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olvido digital

English translation: data expiry / data expiration

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GLOSSARY ENTRY (DERIVED FROM QUESTION BELOW)
Spanish term or phrase:olvido digital
English translation:data expiry / data expiration
Entered by: Wordalia
Options:
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12:48 Dec 28, 2010
Spanish to English translations [PRO]
Tech/Engineering - IT (Information Technology) / data privacy/automatic data elimination
Spanish term or phrase: olvido digital
This is in a section of a document (from Catalonia) about online privacy and upcoming trends for controlling and managing digital data which users should keep an eye on.

I understand what the concept is, since it's glossed in my text, but I've been searching and haven't been able to find a direct equivalent in English. I know this came up in France, where they are trying to pass a law about it, but has the concept made its way to the English-speaking world yet?

The best I've been able to come up with is "(automatic) data elimination"

"Prestar atención a los conceptos de caja fuerte digital y olvido digital (eliminación de los datos obligatoriamente después de un cierto período de inactividad."

Thanks!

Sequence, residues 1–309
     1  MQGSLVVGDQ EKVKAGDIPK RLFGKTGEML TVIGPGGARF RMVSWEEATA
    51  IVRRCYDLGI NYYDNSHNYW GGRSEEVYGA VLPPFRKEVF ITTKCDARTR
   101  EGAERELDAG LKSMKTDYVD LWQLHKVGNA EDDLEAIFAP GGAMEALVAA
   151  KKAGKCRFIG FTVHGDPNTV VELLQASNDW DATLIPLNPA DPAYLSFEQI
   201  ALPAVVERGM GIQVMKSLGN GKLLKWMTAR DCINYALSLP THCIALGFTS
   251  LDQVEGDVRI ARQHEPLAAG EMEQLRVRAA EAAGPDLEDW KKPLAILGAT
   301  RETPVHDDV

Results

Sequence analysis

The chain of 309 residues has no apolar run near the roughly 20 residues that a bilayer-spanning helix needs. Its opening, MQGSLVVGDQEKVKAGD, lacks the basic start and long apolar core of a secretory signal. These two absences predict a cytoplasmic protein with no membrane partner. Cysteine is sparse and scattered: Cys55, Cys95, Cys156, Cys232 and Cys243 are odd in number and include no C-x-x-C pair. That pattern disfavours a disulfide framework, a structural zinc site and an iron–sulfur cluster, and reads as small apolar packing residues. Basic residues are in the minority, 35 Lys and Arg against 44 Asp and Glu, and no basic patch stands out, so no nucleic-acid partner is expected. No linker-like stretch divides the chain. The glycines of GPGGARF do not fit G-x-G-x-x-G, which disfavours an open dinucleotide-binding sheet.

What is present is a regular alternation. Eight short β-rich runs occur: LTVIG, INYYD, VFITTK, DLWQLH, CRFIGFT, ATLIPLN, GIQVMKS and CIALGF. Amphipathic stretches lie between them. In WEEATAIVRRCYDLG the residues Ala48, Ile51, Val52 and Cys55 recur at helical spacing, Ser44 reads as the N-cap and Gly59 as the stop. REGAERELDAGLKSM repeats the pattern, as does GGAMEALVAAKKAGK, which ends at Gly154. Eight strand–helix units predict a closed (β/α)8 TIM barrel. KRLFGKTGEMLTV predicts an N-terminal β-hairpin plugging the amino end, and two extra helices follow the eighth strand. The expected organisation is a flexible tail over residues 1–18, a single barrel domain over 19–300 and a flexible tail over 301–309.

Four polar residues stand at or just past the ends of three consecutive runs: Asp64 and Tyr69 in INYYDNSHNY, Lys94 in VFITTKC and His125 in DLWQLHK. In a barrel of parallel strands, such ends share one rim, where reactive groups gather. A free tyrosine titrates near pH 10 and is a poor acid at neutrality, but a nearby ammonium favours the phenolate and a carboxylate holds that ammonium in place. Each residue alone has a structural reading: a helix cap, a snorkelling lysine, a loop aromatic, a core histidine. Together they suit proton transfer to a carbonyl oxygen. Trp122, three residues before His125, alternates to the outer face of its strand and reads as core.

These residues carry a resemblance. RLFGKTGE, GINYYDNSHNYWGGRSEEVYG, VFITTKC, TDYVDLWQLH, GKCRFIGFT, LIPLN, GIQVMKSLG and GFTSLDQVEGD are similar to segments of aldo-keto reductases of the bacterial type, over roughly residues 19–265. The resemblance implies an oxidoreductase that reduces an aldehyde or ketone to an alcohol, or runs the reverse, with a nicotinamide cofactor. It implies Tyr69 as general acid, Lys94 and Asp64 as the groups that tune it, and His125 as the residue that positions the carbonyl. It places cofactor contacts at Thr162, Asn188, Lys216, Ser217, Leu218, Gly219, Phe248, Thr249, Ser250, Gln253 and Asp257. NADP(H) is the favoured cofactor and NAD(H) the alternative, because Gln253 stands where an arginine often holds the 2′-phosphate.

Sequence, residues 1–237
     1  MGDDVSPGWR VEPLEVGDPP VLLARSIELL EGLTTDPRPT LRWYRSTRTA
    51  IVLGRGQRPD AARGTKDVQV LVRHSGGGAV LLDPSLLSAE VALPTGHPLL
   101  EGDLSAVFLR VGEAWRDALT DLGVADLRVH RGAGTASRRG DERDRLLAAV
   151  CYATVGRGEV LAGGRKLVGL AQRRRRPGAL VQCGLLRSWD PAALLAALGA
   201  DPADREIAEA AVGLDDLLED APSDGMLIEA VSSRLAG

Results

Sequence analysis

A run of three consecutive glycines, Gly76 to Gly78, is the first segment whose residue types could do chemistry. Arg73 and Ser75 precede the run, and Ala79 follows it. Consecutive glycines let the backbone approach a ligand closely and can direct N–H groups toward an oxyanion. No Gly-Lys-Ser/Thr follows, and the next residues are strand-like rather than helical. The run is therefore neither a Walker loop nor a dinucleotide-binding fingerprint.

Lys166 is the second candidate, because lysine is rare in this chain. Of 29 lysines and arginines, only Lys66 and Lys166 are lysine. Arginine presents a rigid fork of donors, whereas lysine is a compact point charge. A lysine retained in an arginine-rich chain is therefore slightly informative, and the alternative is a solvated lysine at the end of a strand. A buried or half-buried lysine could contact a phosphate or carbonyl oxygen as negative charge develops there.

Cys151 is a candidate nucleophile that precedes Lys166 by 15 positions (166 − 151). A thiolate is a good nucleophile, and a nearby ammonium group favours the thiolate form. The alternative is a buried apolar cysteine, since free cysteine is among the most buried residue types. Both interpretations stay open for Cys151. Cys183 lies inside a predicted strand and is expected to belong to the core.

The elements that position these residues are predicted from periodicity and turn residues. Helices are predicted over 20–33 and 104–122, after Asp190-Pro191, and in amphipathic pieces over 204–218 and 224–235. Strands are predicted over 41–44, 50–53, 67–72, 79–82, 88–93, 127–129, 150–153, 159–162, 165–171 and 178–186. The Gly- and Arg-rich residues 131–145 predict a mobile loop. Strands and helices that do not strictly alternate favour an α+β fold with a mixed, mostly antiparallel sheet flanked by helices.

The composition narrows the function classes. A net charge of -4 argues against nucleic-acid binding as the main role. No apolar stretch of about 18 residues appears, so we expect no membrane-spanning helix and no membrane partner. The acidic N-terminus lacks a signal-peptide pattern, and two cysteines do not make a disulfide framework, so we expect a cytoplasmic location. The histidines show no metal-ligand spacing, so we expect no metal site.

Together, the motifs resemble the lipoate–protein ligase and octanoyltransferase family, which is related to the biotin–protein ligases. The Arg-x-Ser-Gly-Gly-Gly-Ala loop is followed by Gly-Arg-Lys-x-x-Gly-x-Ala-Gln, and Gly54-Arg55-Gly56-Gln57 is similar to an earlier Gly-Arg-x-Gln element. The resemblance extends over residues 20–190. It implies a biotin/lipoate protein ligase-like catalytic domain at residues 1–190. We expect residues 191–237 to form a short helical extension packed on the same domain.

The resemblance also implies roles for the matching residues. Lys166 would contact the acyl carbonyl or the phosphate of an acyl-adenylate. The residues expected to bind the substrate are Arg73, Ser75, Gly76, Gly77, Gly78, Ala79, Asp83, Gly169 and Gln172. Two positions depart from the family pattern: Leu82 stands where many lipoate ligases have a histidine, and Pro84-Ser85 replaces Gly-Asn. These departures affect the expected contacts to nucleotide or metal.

Wordalia
Switzerland
Local time: 01:32
data expiry
Explanation:
From the context given, I would suggest simply "data expiry". I would say that Spanish has more of a propensity than English to use "digital" to mean "to do with computers/technology" rather than meaning "digital" in any literal sense.

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Note added at 3 hrs (2010-12-28 16:48:01 GMT)
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P.S. If you're a US speaker, "expiration" may sound better (in UK English I would use "expiry").
Selected response from:

Neil Coffey
United Kingdom
Local time: 00:32
Grading comment
Thanks to everyone! There were lots of potential answers to this question that looked like they could have worked (and which I indeed found used in various contexts), but this seems to be the best general option. Thanks to everyone for your help with this question!
4 KudoZ points were awarded for this answer

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Summary of answers provided
4 +3data expiry
Neil Coffey
4 +1digital expiry/expiration
neilmac
4right to be forgotten
Charles Davis
5 -2digital oblivionConstantinos Faridis
3auto-delete
Paul Adie
4 -2data degradationPatrick Jones


Discussion entries: 1





  

Answers


10 mins   confidence: Answerer confidence 5/5 peer agreement (net): -2
digital oblivion


Explanation:
#
digital.oblivion

10 Jun 2010 ... digital.oblivion. musings on technology, design and ... digital.oblivion is the blog, portfolio, and sandbox of biomekanika. ...